Laws, Regulations & Annotations
Business Taxes Law Guide – Revision 2013
Hazardous Substances Tax Annotations
Environmental (Corporation) Fee
- City-Owned Corporations
- Determining the Number of Hours Employees are Employed
- Federal Reserve Bank
- Identity of Employee
- Imposition of Fee on All Corporation SIC Codes
- Indian Reservations
- Instrumentality of State
- Insurance Companies
- Job Corps Center Operators and Service Providers
- Nonprofit Corporations
Under the California Constitution, banks are subject to a tax on net income in lieu of all other taxes. Since the environmental fee (Health and Safety Code section 25205.6) is regarded as a tax, banks are exempt from it. However, nonfinancial subsidiaries of banks are not exempt. 7/30/91.
City-owned corporations which are within a Standard Industry Classification Code which has been found by the Department of Toxic Substances Control to be involved with hazardous materials are subject to the fee. 12/20/91.
Once a person is hired as an employee, the employer has control over how that employee spends the hours of the workday, including whether or not to grant paid time off during those workday hours for vacation, illness, and holidays and whether or not the employee must work his or her assigned hours on a particular workday. Therefore, for the purposes of the Environmental Fee statute and calculation of the number of employees "employed [in California] for more than 500 hours," the term "employed" includes the hours for which an employee is paid by the organization, even when the employee is absent due to vacation, illness, or holidays, for the duration of his or her employment. On the other hand, once the person is no longer employed by the organization—i.e., is no longer "engage[d], suffer[ed], or permit[ted] to work," the employer no longer "has . . . control [or] determination of the hours of work" of the employee. Therefore, any hours included in the calculation of a terminated employee's severance pay or sick or vacation time cash out should not be included when calculating the number of hours a person was employed during a calendar year for purposes of determining the Environmental Fee owed by the organization for that year. 3/21/06, affirmed and updated 8/14/12.
Congress expressly exempted the Federal Reserve Bank from taxes, but waived the immunity of federal agencies from fees imposed by states with respect to hazardous wastes programs. The environmental fee is regarded as a tax, and the Federal Reserve Bank is therefore not subject to it. 11/24/92.
A property manager contracts with property owners to provide employees to maintain the properties. The property manager hires, discharges, pays, and supervises all employees and labor required for the operation and maintenance of the contracted properties. Even though there is a contract between the property manager and the property owner designating the property owner as the employer, the property manager and not the property owner is the employer under Health and Safety Code section 25205.6. 4/14/97.
In order to impose liability for the fee, it is only necessary to show that the corporation has been assigned a Standard Industrial Classification (SIC) Code for an industry which the Department of Toxic Substances Control (DTSC) has determined is involved with hazardous materials (Health and Safety Code section 25205.6). It is immaterial that the specific corporation is not so involved. It is not the activity per se that triggers the imposition of the fee but rather the SIC Code assigned to the corporation. All technical decisions as to whether a material is hazardous are solely within the discretion of DTSC. 3/13/92.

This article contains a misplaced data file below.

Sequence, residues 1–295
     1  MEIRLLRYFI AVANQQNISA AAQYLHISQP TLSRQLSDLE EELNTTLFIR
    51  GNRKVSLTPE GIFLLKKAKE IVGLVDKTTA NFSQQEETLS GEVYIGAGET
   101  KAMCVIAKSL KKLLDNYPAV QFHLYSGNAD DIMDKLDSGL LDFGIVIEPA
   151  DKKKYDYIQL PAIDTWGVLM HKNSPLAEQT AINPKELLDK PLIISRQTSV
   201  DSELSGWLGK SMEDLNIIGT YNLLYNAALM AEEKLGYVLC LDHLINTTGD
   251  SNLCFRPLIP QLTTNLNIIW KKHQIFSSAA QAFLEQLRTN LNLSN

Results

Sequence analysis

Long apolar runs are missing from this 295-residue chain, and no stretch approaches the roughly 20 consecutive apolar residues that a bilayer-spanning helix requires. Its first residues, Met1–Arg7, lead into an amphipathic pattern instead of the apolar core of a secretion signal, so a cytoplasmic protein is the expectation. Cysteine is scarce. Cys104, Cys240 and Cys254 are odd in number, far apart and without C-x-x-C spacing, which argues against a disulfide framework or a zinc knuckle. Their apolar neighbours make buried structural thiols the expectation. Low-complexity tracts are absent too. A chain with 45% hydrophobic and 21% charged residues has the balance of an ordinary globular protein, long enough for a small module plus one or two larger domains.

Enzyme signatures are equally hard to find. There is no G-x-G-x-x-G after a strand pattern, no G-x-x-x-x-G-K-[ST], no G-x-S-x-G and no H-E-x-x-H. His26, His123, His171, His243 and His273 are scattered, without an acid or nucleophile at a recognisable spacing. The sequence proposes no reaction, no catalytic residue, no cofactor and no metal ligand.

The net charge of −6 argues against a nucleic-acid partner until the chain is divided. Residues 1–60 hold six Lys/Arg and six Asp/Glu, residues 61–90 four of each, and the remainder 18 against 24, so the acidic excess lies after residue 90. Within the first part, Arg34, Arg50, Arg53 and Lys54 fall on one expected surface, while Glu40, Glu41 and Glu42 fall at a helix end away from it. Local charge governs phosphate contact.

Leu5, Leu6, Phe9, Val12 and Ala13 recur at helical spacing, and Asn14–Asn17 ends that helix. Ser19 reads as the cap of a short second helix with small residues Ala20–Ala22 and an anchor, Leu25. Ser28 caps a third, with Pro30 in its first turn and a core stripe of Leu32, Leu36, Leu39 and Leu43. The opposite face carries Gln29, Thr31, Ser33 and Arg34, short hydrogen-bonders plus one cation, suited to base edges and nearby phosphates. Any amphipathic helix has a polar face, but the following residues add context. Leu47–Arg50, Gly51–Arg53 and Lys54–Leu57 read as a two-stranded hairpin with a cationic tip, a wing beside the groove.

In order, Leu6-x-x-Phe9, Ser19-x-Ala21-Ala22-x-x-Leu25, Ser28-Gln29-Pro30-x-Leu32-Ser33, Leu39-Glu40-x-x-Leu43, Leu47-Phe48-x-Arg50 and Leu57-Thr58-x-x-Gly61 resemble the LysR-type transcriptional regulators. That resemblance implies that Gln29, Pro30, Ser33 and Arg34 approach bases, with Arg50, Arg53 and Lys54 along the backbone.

In the absence of specific Congressional permission to subject Native Americans or their tribal corporations to the environmental fee, such tribal corporations are not subject to the fee. 7/3/92.
A California non-profit corporation affiliated with a California State University, and as such, considered an instrumentality of the State by the Internal Revenue Service for federal income tax purposes, is nonetheless a separate and distinct California corporation for which there is no exemption from the environmental fee. 2/20/03.
The California Constitution exempts insurance companies from taxes other than the tax on gross premiums. The environmental fee is regarded as a tax; therefore insurance companies are exempt from it. 4/16/90.
Job Corps Center operators and service providers are determined to be “federal instrumentalities” for purposes of the Environmental Fee. Under the United States Constitution, states are prohibited by the supremacy clause (art. VI, § 2) from imposing any tax on any activity, agency, or instrumentality of the federal government unless Congress expressly waives the federal government’s sovereign immunity from state taxation under specific circumstances. California’s Third District Court of Appeal concluded that the Environmental Fee imposed under Health and Safety Code section 25205.6 is a constitutionally valid “tax,” not a fee, and there is no evidence in the law that Congress has waived federal immunity with respect to the Environmental Fee (i.e., tax). Accordingly, as federal instrumentalities, Job Corps Center operators and service providers are exempt from paying the Environmental Fee pursuant to the supremacy clause of the United States Constitution. 10/10/12.
The environmental fee is imposed on every corporation regardless of nonprofit status if the corporation employs the requisite number of employees and is in a Standard Industrial Classification Code which the Department of Toxic Substances Control has determined is involved with hazardous materials (Health and Safety Code section 25205.6) 2/11/93.